Primary Curriculum

Return to Primary
Exercises in Practical Life help Primary students develop concentration, coordination, independence, and order. The practical life area contains exercises involving care of the environment, care of oneself, physical skills, and Grace and Courtesy. The Practical Life area is most essential in the Montessori environment because it helps the child develop his or her own natural rhythm and, in turn, provides indirect preparation for all other areas of the classroom.

Within the Sensorial area the child is able to develop and refine his or her senses through the use of didactic materials. These activities help primary children develop not only their sense of touch, taste, smell and hearing, but also their stereognostic sense. This is the capacity to perceive forms by the movement of muscles of the hand as it follows the outline of solid objects. These didactic materials help the child develop sensory powers in order to observe and make comparisons between objects. They begin to experience relationships and recognize patterns. The child is then able to form judgments, reason, and make decisions. It is through the use of these materials that the child is introduced to preparatory math skills, such as pairing, recognizing contrast, and gradation of objects. These materials are particularly attractive to children, as they are simple and beautiful.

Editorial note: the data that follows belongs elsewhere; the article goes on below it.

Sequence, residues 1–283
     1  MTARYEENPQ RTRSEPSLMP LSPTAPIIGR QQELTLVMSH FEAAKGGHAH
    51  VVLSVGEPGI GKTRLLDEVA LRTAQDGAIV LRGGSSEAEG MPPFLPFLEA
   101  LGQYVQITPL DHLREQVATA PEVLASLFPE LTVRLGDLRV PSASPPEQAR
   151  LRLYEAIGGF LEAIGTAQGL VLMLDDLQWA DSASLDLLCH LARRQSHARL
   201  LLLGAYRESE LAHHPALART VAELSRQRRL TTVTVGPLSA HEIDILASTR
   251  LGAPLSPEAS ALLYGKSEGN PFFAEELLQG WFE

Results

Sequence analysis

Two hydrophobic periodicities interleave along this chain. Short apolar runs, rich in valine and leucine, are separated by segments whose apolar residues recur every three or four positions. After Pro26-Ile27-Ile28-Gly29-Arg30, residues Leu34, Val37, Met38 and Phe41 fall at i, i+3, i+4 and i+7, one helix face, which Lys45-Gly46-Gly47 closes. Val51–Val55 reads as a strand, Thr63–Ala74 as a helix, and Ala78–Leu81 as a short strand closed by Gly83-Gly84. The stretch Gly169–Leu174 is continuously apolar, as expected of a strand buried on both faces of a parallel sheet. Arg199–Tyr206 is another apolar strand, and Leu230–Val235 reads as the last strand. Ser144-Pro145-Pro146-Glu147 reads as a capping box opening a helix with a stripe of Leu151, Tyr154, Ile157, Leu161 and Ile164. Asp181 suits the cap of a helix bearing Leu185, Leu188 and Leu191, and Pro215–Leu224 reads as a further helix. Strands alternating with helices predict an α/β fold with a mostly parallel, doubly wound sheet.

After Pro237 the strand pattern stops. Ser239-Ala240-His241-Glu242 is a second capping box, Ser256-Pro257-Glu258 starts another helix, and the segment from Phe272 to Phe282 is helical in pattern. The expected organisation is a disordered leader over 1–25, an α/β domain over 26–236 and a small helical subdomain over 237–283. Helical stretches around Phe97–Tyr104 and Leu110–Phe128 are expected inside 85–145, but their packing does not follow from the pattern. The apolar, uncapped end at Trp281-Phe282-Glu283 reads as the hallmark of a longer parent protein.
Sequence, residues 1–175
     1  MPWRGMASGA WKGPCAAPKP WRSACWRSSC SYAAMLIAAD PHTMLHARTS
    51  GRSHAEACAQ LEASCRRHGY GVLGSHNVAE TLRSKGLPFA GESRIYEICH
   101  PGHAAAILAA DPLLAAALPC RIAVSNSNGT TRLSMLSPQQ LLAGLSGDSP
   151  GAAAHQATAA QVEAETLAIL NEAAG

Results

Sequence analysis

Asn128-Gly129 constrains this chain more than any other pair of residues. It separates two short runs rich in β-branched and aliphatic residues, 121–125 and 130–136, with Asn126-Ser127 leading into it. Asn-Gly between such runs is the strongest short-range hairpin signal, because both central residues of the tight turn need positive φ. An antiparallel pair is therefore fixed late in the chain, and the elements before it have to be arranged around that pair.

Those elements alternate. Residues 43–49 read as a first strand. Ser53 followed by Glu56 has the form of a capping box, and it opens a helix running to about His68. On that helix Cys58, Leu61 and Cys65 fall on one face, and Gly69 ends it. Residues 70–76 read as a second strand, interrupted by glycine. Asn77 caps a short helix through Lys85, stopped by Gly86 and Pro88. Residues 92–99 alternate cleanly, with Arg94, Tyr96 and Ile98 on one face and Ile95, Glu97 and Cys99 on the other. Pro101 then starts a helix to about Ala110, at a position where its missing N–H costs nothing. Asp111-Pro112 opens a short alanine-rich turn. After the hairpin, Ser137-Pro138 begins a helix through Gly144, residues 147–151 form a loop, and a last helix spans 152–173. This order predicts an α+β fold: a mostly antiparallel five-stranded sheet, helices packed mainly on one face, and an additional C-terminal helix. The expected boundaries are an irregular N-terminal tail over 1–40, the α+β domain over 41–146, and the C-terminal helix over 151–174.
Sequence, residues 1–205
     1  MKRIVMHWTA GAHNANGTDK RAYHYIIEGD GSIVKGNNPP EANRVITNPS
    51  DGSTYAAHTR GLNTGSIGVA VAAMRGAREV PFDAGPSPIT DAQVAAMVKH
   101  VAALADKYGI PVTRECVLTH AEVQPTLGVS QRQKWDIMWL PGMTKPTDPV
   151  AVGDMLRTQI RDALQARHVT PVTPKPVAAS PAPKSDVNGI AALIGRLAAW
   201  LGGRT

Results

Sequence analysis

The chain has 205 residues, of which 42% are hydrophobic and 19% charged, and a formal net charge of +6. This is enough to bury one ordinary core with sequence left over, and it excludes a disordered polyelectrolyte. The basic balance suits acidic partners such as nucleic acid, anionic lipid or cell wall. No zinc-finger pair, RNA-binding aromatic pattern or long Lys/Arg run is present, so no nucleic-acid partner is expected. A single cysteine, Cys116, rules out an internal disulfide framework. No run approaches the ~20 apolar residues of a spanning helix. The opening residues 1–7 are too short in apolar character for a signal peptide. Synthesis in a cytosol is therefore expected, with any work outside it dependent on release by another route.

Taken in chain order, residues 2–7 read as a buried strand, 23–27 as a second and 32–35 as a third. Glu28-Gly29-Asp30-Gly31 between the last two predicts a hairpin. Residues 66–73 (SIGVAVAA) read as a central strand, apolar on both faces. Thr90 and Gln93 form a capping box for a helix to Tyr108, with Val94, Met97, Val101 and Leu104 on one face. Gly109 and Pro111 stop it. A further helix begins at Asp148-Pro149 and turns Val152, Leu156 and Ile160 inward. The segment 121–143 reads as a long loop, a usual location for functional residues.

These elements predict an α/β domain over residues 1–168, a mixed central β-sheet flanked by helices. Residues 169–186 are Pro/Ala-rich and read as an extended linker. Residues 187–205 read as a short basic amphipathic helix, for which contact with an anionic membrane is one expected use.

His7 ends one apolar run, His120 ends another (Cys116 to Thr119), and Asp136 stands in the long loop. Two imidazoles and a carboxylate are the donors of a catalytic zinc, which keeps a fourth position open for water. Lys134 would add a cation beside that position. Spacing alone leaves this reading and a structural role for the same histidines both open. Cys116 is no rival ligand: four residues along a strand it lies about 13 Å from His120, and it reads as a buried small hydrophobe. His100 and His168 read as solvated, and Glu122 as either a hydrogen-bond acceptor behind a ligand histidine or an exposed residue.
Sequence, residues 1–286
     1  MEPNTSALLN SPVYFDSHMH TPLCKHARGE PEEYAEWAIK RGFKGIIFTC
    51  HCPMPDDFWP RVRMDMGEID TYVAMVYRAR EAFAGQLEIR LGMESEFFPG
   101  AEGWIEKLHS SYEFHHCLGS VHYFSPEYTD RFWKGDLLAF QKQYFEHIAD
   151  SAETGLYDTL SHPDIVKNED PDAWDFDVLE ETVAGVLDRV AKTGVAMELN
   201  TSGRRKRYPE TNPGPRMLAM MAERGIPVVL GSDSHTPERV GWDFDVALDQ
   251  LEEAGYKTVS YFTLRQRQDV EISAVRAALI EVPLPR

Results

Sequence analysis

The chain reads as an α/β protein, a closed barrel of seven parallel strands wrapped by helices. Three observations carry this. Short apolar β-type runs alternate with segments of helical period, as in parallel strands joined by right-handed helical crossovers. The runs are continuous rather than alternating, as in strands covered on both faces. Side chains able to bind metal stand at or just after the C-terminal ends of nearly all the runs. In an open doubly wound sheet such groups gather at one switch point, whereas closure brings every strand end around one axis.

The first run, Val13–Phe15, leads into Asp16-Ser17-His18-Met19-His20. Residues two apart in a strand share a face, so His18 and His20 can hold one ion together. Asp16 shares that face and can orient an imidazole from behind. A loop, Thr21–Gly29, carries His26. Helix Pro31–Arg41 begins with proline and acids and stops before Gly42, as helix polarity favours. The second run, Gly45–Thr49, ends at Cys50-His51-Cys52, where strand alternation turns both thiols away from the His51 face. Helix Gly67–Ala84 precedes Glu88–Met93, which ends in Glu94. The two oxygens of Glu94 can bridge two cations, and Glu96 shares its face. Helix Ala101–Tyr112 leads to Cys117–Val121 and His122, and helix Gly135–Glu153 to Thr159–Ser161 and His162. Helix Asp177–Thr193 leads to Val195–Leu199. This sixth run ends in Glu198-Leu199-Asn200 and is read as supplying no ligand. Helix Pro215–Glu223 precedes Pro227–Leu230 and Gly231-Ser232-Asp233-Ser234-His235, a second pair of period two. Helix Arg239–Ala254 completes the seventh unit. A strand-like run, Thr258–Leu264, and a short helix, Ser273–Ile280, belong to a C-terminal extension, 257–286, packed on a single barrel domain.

Through the above experiences in practical life and sensorial, the child develops the ability to concentrate.
As the child reaches a sensitive period for order, he or she is ready to further develop their Math skills. The materials in the math curriculum are concrete and provide the child with visual manipulative representations of mathematical concepts. As the child is developing 1:1 correspondence, s/he is introduced to the quantity, then to the symbol. This is followed by the association of concrete quantity and its numerical representation. These materials aid in building the foundation that later leads the child to abstraction. Once the child has developed this skill, he or she is introduced to the four mathematical operations, again using concrete materials.

Language development in children is natural and spontaneous. Speech is considered to be the greatest human achievement, learned through direct awareness and models given to us. By speaking, children are relating and being heard, which indirectly leads to order, organization, and enrichment of vocabulary. In the language area some materials are direct preparations for writing such as the sandpaper letters, movable alphabet, and metal insets, which are introduced to three and four year olds. It is at this point that the children are in the sensitive period for sounds, writing, and work composition. The use of language provides a link to the world both written and spoken. Language is an effective tool for self-expression and communication.

The development of language also exposes students to the concept that words are made up of sounds, then that each sound is represented by a symbol. With this knowledge, students are able to compose words using a movable alphabet, before a child has the ability to control a pencil. Teachers read aloud to children regularly and each classroom has a quiet library area where the love of reading and books is nurtured.
A Primary Late Day program is available for 3 and 4 year olds from 11:45 - 3:00 and from 3:00 - 5:45.  Both programs are extensions of the Montessori classroom and provide activities and additional extensions for students.
Return to Primary